She carried her passion for music to her next position at Texas Health Resources Presbyterian Hospital Dallas where she had recently been promoted to security supervisor. Morrison started a choir and within the first few months, she had 60-plus members who loved and admired her. She was also loved by the hospital staff.

While Morrison was at the hospital, a high level administrator paying respects said, ”If we had a vote on the favorite employee, out of the 6,000, Heather would win!”

Texas Health Resources has officially renamed the choir to The Heather Morrison THR Choir. She was so loved by THR that they have honored her with an engraved brick in the THR Memorial Garden.

Morrison’s life will be celebrated in a service at her home church, Cathedral of Hope. It will be a service filled with the music that she so loved and used as a platform to share her love of life and her love of God. A date has not been set at this time. For information, e-mail CelebrateHeather@ gmail.com.

Also at this service, in honor of Morrison, Donald D. Campbell, the funeral director and assistant funeral home manager at Moore Funeral Home in Arlington, will participate. He can be reached at 817-804-2423 or Donald.campbell@sci-us.com. He has been a blessing and a fount of information in this difficult time. Information important to the final wishes of our loved ones will be available as well as notaries. If you would like to receive an e-mail copy of these documents to have ready to be notarized, please e-mail CelebrateHeather@ gmail.com with the subject line “Legacy.” The family hopes it will be one of Morrison’s legacies, that wishes be honored and loved ones be acknowledged.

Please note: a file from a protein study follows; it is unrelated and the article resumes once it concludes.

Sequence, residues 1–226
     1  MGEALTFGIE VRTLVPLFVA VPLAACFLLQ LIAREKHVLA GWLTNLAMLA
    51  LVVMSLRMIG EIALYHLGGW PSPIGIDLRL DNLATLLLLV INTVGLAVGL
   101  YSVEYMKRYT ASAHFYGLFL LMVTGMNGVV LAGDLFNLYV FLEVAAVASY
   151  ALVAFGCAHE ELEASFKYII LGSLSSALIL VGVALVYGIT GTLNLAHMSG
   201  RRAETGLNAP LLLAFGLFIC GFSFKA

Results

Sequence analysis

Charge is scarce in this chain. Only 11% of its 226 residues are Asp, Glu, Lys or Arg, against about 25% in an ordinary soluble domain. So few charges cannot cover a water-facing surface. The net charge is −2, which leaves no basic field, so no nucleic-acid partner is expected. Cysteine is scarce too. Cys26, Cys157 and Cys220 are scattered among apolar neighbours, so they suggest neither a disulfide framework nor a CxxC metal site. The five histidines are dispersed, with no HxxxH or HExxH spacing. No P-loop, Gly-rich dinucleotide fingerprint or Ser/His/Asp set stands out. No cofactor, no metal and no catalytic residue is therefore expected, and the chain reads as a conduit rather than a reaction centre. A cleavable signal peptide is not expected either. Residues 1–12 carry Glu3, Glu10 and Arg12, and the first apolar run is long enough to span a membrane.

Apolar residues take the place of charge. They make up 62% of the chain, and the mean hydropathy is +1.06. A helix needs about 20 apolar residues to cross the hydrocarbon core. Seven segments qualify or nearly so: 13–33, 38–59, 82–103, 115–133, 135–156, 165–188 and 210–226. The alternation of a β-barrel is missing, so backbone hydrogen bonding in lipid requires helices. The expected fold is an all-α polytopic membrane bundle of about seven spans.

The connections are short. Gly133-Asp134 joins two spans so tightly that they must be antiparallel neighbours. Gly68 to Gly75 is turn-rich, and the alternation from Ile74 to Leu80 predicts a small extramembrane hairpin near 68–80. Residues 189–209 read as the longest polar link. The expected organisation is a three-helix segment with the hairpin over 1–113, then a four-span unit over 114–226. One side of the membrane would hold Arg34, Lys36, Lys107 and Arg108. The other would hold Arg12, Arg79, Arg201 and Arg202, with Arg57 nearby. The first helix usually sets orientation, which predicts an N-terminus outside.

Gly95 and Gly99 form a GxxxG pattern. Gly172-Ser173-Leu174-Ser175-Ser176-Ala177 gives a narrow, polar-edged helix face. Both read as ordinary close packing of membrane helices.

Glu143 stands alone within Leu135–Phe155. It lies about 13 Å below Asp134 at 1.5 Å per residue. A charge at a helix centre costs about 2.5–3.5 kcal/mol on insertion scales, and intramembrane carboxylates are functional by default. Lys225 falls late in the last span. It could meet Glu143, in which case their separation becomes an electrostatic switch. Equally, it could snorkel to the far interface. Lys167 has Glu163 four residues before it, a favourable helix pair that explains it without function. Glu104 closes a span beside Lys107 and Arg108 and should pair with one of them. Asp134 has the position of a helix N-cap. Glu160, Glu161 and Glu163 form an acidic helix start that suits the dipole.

Morrison was preceded in death by her father, Thomas Aaron Morrison; and grandparents, John and Mary Mitchell and Charles and Mary Morrison.

She is survived by her loving partner, Annabelle Bowden and step-son Christian Bowden; her mother, Jane Mitchell Morrison; brother, Matthew James Morrison and wife, Tina; sister, Kelli Ann Fredericksen and husband, Donovan; nieces and nephews, Chris, Andrew and Lauren Fredericksen, Ally and Lee Morrison and Chrysse Morrison Leach; one great-nephew, Jamie Leach; numerous loving members of her family of choice and many, many friends.

This article appeared in the Dallas Voice print edition December 24, 2010.

—  Michael Stephens

Stone stepping into a quieter life

Founder of PFLAG-Dallas, Late Bloomers leaving group to focus on painting, involvement with church

Tammye Nash  |  nash@dallasvoice.com

Stone.Pat
Pat Stone

The Tuesday night, Dec. 14, meeting of Late Bloomers was a bittersweet event for Pat Stone. It marked her last meeting as leader and an active member of the organization she founded 13 years ago. But it also marked her first full steps into the next stage of her life.